Many home buyers used the coronavirus as an excuse to get away from it all. After the pandemic’s initial onset, interest in small towns and rural areas spiked, as more Americans looked to move somewhere where they could have more space for the same money. The increased interest in suburbs and exurbs pushed price growth in those areas and soon their prices were outpacing urban neighborhoods. But while the trend continued through the end of 2020, the beginning of this year brought a change.
Home buyers were, once again, looking to buy in bigger cities. Now, according to one recent analysis, urban single-family homes are showing price increases of almost 20 percent year-over-year. They’re also getting more pageviews online. And, in both cases, they’re outpacing properties in the small towns and rural areas that boomed last year at this time.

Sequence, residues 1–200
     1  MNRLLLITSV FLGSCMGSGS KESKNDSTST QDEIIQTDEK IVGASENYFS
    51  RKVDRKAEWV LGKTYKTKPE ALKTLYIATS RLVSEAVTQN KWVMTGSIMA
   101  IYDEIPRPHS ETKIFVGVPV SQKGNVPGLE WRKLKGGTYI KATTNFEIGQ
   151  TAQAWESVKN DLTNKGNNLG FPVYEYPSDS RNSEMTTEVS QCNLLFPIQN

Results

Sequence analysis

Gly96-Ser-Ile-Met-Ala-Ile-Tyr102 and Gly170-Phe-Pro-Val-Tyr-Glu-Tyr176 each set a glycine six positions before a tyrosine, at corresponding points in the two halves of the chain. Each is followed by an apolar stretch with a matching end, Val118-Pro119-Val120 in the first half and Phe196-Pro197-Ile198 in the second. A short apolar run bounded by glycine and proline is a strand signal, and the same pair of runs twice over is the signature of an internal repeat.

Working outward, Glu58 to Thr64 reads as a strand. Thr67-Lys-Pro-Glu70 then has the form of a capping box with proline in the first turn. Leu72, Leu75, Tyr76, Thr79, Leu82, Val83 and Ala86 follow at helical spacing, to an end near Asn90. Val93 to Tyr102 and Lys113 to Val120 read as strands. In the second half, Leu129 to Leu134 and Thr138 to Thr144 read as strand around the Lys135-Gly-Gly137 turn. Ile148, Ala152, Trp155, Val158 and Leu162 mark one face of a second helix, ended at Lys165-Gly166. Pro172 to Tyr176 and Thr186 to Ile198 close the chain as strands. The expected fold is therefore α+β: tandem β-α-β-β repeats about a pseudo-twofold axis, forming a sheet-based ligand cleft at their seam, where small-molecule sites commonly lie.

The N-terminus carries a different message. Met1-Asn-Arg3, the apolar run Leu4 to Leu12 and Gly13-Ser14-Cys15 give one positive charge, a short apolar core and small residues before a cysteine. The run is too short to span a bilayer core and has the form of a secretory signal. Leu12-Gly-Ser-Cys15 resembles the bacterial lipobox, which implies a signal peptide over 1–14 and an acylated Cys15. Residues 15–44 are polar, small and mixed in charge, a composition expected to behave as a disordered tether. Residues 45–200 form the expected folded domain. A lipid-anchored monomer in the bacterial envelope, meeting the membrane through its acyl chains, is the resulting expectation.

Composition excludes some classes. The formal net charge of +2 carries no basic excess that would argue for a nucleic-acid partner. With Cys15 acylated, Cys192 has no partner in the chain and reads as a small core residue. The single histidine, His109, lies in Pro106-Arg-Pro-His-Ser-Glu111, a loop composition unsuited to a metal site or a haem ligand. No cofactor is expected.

The newfound interest in urban neighborhoods seems to stem from increasing optimism about the coronavirus vaccines and rebounding economy. But while buyers are looking at properties in the city, they haven’t let go of their need for more space. In fact, single-family homes have been selling faster than condos – not just in cities, but in neighborhoods of all types. (source)